It's official: Guinness says 130-year-old Manistee firehouse is world's oldest
Manistee — After two years and hundreds of research hours, the Manistee Fire Department was recognized this week by Guinness World Records as having the “oldest continuously manned operating fire station” in the world.
“Congratulations,” said the email that came to firefighter Fred LaPoint’s account. “You are Officially Amazing!”
“If I could, I would have done a backflip,” LaPoint said as the department celebrated the fire station’s 130th birthday Monday.
Always interested in history, LaPoint in 2017 began looking into whether any other firehouses had been in continuous service as long as the station at 1st and Hancock.
He contacted the record keeper at Guinness World Records in New York. Although they had no category for old firehouses, they suggested he do some research.
“For over two years, Fred would come in with questions and to do research. It became an obsession,” said Mark Fedder, executive director of the Manistee Historical Society, "With all of the volunteers who assisted Fred, this designation became a reality, and it will be a credit to the city for years to come.”
The massive stone building was constructed in 1888 after a forest fire destroyed most of the town. Three lumber mills had their own fire brigades, which were funded by subscription — and if you didn’t pay for fire protection, you had no assistance if a fire occurred.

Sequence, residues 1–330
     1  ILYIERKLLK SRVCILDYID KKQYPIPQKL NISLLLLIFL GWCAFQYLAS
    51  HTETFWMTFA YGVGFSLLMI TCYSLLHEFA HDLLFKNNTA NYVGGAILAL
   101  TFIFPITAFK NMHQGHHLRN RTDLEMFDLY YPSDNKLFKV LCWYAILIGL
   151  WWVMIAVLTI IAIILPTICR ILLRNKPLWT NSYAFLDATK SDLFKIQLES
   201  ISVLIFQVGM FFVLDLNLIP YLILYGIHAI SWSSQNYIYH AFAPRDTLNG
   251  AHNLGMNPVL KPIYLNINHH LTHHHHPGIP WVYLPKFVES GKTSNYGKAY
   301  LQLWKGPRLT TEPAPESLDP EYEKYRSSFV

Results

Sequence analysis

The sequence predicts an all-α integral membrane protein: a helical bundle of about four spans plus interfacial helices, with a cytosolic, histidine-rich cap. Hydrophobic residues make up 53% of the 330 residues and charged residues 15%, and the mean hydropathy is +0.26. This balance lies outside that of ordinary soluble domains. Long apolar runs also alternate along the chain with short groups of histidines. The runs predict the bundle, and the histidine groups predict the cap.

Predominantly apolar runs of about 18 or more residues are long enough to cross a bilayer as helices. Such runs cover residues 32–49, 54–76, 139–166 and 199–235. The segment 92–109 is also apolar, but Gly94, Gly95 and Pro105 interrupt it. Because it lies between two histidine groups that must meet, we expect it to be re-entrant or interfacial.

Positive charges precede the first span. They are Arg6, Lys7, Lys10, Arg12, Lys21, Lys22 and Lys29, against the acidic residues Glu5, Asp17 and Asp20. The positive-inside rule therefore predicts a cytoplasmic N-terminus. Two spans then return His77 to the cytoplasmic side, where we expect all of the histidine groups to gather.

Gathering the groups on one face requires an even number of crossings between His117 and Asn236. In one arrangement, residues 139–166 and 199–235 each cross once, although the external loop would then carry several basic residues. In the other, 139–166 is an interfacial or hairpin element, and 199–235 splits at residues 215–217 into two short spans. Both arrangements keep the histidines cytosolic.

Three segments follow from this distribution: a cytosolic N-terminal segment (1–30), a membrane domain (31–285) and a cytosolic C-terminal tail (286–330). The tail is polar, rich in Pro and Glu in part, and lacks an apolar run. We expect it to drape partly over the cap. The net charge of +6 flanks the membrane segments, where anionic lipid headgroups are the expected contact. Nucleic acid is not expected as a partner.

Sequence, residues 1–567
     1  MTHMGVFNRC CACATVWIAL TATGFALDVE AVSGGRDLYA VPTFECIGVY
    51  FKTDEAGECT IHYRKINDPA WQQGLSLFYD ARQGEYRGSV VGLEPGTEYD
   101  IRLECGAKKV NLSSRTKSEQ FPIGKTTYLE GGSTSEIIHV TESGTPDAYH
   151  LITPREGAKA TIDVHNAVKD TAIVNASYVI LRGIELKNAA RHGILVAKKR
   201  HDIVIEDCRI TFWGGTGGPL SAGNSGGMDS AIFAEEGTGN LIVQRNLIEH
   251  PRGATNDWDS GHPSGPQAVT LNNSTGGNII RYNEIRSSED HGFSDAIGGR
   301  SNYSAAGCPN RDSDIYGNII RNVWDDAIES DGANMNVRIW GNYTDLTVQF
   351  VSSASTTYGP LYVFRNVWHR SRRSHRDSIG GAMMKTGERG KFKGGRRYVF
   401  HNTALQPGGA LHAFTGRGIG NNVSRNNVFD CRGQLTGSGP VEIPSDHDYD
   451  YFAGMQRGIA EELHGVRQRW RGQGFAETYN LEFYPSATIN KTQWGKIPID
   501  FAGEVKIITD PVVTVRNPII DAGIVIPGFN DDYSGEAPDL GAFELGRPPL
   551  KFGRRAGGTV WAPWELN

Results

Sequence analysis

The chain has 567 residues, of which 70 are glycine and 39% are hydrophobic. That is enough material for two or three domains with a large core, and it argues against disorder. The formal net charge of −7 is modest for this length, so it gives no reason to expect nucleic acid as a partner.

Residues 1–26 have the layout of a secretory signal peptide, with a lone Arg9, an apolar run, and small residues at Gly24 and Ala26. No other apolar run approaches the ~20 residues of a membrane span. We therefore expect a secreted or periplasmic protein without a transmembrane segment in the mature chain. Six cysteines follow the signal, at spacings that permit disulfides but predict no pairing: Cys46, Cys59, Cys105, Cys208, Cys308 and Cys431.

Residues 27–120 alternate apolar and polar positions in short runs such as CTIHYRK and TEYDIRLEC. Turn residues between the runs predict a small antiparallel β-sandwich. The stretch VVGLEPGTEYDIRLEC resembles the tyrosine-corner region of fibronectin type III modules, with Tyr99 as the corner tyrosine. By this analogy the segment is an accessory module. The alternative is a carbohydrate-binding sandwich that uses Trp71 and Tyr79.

Twenty years after Manistee's founding, the established the public fire service and built the building, which housed two steam fire engines pulled by horses and a living and sleeping floor. Seven full-time firefighters and a public safety director currently occupy the building.
LaPoint, who joined the department in 1979, says grain was found upstairs where it was stored to feed the horses that once pulled fire apparatus. There were remnants of a blacksmith shop.
At Monday's ceremony, a plaque was unveiled that commemorated the honor from Guinness. Tim Kozal, Director of Public Safety in Manistee, noted LaPointe's diligence in pursuing the title.
LaPointe, who is 65, will retire next month after more than 40 years as a firefighter and paramedic. He is shy, but proud of his efforts.
“This is a great honor for our dedicated firefighters and the city of Manistee,” said LaPoint. “I still have trouble believing we did this.”
John L. Russell is a writer and photojournalist from Traverse City.